The painting of Palafrenieriwas done in Borgo, a location which was close to Vatican, on the Via Di Porta Angelika it was made using dramatic shade and light and was very decorated unlike the kind of painting that was there by then. The painting was later removed due to the assumption that its virgin portrayal was unorthodox. It was then sold to Cardinal Scipione Borghese who is the arts patron and an Italian cardinal and is now hanged in his palazzo (Galleria Borghese) in his gallery of castle arts in Rome.
The painting is in the same place with other paintings made by Caravaggio. They include: Young Sick Bacchus, the desert Baptist who is St John, the writing of St Jerome, goliaths head, the virgin crucifix's death, a basket full of fruits with a boy, Saint paint conversion, the St Peter's crucifix, the Beheading of Holofernes by Judith and the Saint Matthew martyrdom. Meanwhile, it wasn't his most successful arrangement; it is the typical representation of the person abstaining from sexual relations for its time and must have been shocking to some of the existing viewers. The allegory at its core is simple.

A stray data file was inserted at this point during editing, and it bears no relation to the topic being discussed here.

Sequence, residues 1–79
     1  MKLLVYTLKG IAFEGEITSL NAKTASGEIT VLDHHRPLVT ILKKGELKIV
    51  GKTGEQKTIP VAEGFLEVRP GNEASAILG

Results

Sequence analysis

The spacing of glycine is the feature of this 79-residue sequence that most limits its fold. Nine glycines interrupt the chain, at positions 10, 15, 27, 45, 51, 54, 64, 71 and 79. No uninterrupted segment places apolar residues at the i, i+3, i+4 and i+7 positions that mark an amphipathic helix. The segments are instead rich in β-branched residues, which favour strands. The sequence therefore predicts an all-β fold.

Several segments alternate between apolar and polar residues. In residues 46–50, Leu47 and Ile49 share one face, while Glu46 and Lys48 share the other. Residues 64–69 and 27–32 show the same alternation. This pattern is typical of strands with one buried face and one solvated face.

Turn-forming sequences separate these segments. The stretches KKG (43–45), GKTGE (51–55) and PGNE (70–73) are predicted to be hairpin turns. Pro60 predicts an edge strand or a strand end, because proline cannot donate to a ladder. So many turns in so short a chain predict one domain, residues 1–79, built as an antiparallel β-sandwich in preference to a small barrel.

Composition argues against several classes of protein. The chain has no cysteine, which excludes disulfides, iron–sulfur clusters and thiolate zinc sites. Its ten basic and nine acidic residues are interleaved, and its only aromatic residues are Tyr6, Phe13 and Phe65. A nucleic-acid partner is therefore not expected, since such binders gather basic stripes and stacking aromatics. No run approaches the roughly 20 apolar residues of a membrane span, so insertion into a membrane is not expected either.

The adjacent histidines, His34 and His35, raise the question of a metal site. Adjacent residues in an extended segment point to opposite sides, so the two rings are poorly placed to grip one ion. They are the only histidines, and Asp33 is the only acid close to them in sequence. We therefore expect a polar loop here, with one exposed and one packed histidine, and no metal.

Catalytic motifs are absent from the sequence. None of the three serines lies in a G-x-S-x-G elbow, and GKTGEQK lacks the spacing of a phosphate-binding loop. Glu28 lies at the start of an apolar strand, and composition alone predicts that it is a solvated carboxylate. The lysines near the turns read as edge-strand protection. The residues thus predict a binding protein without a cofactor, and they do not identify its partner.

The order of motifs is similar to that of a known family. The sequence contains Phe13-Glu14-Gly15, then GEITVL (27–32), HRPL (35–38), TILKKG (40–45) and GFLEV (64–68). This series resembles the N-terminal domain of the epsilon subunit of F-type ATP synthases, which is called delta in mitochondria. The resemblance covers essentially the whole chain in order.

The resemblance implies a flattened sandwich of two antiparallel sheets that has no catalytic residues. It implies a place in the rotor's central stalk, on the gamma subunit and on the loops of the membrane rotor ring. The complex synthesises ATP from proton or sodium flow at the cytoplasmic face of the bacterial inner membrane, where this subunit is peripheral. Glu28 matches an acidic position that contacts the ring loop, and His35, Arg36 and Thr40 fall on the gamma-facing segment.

With the aid of her son, she destroys the serpent, which is the pictorial representation of evil or the origin of Sin. Saint Anne, whom the painting is primarily intended to honor, is a wrinkled old grandmother, witnessing the event. Insubstantial halos crown the upright, the snake recoils in anti-hallows. Both Mary and Jesus are barefoot as drawn. The naked uncircumcised child represents Jesus. The rest is mainly shadow, and the figures gain imposing in the light.
The painting was not meant to honor the grandmother of Christ as it is not clear how the ungracious defection of her wrinkled visage in this painting would have been seen as relevant or iconic. Bellori stated there was more shock experienced as the Virgin Mary clothes covering from the waist to the neck were very revealing. Jesus's leg and phallus parallel diagonals led to speculation that there was battling of the snake from the both and with one, this was metaphorically equal or figurative equal.